Head out to your drills area and spread out. Introduce over the first week the following drills: (each of these drills should be separated by three steps, so you alternate legs)
Three point touch- hinge at the waist and touch shins, toes and ground in three small bounces.
Sweeps- hinge at the waist and sweep or scoop with your hands back to front, then come up- to stretch the hamstring.
Frankenstein's- kick leg at least waist high while stretching fingers toward toe, keep tall.
Standing hurdle front and back- bend leg at knee and bring leg out and around as if walking over a hurdle. Reverse the direction.
Next do these drills:
Grape vine with high knee
Squats (just 10 to 15)
That should be plenty of drills and if your Middle Schoolers master these, they will be ready for high school sports.
Go back to sit in the small group circles and do stretches that get all parts of the body. Lay on the front with arms outstretched and bring the right leg up and to the left, reaching for the hand with the toe- 10 each side. Do this laying on your back. You can rock some, but try to keep the torso pretty flat. Also add about 3-4 minutes of abdominal work here. This is very important. Weak abs are a source for a lot of physical problems . Finally do what our team named LCRs. Go into plank, rotate onto the left hand, raising the right hand to the sky- hold for 3 seconds, return to center, hold for 3 second, rotate to right hand, hold for 3 seconds, return to center. Do this rotation about 3-5 times. For those who are stronger they can lift the leg of the arm that is in the air.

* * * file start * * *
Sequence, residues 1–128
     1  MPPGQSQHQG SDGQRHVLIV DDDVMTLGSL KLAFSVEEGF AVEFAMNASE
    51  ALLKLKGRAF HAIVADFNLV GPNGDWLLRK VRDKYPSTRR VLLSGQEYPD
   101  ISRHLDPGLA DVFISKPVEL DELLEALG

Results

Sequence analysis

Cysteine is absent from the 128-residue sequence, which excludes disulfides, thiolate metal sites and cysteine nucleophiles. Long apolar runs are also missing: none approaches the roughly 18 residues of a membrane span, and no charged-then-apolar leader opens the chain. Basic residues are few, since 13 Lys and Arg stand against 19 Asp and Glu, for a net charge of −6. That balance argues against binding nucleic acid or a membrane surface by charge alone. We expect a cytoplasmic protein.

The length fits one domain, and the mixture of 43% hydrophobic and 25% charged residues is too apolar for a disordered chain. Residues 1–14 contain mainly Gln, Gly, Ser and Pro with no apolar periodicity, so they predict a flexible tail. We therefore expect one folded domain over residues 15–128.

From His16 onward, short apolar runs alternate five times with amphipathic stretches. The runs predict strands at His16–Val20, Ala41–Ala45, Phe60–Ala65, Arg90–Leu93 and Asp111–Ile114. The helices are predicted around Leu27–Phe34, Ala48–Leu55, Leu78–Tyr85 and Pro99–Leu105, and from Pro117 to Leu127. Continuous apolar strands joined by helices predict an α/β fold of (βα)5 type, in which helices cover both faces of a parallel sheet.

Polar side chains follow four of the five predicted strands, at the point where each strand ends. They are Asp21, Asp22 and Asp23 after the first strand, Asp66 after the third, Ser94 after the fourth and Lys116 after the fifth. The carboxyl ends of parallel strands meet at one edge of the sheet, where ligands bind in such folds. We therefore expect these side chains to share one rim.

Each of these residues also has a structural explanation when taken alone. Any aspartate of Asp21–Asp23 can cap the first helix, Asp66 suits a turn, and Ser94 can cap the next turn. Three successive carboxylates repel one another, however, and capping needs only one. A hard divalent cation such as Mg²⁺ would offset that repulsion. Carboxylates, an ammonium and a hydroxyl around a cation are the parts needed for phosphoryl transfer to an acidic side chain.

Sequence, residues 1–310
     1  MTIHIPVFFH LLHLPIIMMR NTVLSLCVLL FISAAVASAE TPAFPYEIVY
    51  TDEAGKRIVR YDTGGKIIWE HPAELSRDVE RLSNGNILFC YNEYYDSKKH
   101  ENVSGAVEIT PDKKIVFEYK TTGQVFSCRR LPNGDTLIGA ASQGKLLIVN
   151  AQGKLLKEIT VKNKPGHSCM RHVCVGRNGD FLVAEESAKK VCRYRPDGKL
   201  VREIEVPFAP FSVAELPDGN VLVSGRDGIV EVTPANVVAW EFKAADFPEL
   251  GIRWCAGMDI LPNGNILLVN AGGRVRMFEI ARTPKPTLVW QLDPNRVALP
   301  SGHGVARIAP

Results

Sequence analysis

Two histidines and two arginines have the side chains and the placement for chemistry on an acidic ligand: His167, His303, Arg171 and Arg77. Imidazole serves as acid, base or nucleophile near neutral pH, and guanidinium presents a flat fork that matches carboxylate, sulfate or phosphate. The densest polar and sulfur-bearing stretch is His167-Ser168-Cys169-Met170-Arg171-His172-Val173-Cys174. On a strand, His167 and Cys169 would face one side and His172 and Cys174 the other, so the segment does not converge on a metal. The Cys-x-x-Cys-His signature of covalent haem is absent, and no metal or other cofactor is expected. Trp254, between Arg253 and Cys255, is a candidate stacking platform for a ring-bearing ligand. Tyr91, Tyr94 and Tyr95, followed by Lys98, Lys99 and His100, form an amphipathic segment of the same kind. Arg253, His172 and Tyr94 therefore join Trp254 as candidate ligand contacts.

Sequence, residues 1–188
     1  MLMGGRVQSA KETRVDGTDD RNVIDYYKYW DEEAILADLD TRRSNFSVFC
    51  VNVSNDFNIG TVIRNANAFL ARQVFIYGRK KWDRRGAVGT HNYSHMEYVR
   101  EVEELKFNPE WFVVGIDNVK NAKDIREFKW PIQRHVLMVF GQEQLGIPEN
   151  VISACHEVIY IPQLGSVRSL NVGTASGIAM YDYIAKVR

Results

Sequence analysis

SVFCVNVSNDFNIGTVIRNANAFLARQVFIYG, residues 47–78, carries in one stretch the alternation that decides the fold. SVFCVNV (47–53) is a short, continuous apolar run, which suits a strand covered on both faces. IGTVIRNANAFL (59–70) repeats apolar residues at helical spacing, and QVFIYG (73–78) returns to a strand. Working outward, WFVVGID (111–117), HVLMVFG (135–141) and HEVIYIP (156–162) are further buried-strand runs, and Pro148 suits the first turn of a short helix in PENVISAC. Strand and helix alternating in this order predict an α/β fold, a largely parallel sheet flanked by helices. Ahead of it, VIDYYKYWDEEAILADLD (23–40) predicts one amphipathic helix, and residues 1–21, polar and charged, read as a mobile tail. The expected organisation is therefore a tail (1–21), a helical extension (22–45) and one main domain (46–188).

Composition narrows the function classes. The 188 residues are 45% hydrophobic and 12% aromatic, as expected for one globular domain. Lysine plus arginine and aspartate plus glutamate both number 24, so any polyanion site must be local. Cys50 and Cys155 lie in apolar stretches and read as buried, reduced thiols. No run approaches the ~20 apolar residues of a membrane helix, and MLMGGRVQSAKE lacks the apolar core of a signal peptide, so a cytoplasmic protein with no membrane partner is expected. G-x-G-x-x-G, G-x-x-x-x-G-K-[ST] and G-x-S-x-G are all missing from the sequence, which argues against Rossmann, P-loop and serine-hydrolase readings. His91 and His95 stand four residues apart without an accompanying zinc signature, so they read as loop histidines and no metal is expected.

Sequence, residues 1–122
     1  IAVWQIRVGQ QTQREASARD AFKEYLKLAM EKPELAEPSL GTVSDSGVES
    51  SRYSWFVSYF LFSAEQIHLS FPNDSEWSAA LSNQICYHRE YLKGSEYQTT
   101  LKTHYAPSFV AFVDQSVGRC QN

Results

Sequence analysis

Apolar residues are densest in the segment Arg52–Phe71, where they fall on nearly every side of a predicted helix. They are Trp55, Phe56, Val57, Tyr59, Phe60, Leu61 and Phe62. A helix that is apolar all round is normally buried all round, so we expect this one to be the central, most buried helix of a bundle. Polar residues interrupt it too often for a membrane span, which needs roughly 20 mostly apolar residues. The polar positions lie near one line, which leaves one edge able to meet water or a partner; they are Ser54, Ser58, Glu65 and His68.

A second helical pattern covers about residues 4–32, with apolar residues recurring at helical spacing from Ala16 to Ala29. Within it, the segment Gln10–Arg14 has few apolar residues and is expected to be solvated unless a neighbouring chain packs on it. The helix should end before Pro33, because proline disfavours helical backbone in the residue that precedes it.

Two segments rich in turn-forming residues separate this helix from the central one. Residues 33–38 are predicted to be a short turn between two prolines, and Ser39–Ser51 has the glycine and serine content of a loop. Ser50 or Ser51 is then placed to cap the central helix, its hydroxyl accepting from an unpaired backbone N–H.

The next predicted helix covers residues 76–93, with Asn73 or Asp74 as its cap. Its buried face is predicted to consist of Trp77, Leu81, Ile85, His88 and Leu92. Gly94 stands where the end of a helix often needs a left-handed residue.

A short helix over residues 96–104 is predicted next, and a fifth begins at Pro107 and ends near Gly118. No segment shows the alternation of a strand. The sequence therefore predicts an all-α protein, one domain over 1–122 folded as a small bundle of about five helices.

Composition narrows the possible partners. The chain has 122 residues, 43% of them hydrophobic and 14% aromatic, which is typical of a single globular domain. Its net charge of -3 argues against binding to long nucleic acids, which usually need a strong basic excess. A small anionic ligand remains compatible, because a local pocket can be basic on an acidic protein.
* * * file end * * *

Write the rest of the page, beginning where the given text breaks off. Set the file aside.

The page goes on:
Now you can get to your running. Early season, fartleks are great on a loop where you can see everyone. Also, repeat 800s at a light jog are good. This gives the kids time to check in with you and build up to sustaining two miles. Help the kids learn about effort by having them check their pulse when they finish a repeat or effort. Above 145 is a workout, reaching above 165 is a hard workout. Above that is a very hard workout. I learned from our high school coach the best way to get the heart rate is to have them locate it, time them for 6 seconds and add a 0. Obviously this is not highly accurate, but it works and provides information for the athlete to learn about and begin to understand.
A warm down jog or walk is helpful for those that have done some speed in these early days, less helpful for those who are still building stamina. Use your judgement. When they are done establish 3 or 4 stretches that stretch the hamstrings, calves and hip flexors- this is where they are going to get tight.
Good luck coaches- this year, you may be the only thing that seems normal to your athletes, be ready for that.